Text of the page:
Fun in the Forest of Dean

Sam, one of our roving correspondents, is really getting around – this time in the Forest of Dean:

My neighbour Marja-Liisa, with her twelve artificial joints and her rheumatoid arthritis, treated me to a grand day out in the Forest of Dean last week. The end result was a serious education in the amount of fun that people with various degrees of mobility restriction (and their friends) can have on people-powered vehicles.

For a start, she made the contacts, she did the driving and she coped with my unsteady navigation skills. Once we got there she lighted on precisely the German built tricycle with a low step over and backpedal brakes that she already knew she needed. And thereafter she enthused non-stop about the spring flowers and the trees and the easy paths through the forest. Her friend Hilary, also in search of something to get her more active again climbed into a bright yellow recumbent with Easy Rider handle bars and a very lively feel.


The Accessible Cycle Demo Day we were visiting had been organised by the CTC’s accessibility officer, Tim Trew, with support from the Leonard Cheshire Disability charity. Tim is the CTC’s Inclusive Cycling Development Officer for the South West, based in Bristol. The day was held at the brilliant Pedalabikeaway in The Forest Of Dean.

Several specialists were there. John from Tomcat had brought several child-focussed machines with an emphasis on the specific needs of children. Ian from Wheels For All was there. I also met another Bristol Cycling Campaigner helping out. Hand cranked machines, shared machines and pull-alongs were all present and it was clear that each person and each set of abilities needed consideration and appropriate engineering and adaptation. I was most impressed by Dan, whose supportive chair could be wheeled onto the platform of a special cargo bike that an enthusiastic friend could then pedal along the forest trails. Dan and the pedalling friend were having a whale of a time. The approach seemed to be “show me the person and we can make something that really helps.” Marja-Liisa came away (after some Pieminister Pie in the cafe) plotting ways to raise the funds. She tells me that she is going to start by buying her first ever Lottery Ticket.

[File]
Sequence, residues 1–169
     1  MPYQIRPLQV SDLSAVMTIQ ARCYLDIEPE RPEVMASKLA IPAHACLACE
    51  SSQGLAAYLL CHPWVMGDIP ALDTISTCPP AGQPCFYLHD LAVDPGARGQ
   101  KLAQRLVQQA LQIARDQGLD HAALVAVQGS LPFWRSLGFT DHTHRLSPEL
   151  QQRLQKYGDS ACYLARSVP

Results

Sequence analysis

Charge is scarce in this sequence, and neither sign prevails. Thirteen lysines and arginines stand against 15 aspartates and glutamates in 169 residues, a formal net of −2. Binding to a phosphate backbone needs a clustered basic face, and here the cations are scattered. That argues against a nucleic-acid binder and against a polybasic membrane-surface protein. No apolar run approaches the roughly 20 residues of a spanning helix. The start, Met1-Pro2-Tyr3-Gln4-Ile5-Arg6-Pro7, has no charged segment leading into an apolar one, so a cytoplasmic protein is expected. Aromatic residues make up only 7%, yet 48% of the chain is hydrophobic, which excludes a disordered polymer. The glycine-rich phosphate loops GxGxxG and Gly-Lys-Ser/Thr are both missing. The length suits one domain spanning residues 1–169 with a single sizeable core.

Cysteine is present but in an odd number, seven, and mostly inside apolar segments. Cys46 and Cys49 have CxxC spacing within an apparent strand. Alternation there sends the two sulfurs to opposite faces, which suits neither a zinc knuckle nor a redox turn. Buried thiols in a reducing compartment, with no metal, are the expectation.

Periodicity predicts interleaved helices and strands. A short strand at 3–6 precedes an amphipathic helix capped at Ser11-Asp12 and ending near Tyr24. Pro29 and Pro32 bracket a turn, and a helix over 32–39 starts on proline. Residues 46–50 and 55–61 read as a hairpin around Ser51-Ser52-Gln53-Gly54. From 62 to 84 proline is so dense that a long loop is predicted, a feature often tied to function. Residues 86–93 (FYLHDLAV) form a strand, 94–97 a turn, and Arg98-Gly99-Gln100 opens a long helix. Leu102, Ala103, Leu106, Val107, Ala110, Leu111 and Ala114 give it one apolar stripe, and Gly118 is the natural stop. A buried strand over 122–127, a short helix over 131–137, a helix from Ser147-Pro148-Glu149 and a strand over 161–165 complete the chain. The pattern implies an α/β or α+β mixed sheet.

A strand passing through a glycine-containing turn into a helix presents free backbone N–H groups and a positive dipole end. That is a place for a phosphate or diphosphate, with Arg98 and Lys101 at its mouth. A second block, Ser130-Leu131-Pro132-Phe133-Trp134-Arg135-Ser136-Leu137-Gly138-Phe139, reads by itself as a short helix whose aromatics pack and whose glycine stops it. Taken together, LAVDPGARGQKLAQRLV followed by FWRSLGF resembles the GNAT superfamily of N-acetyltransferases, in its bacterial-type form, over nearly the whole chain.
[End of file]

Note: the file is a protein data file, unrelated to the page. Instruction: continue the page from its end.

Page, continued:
Sam Saunders

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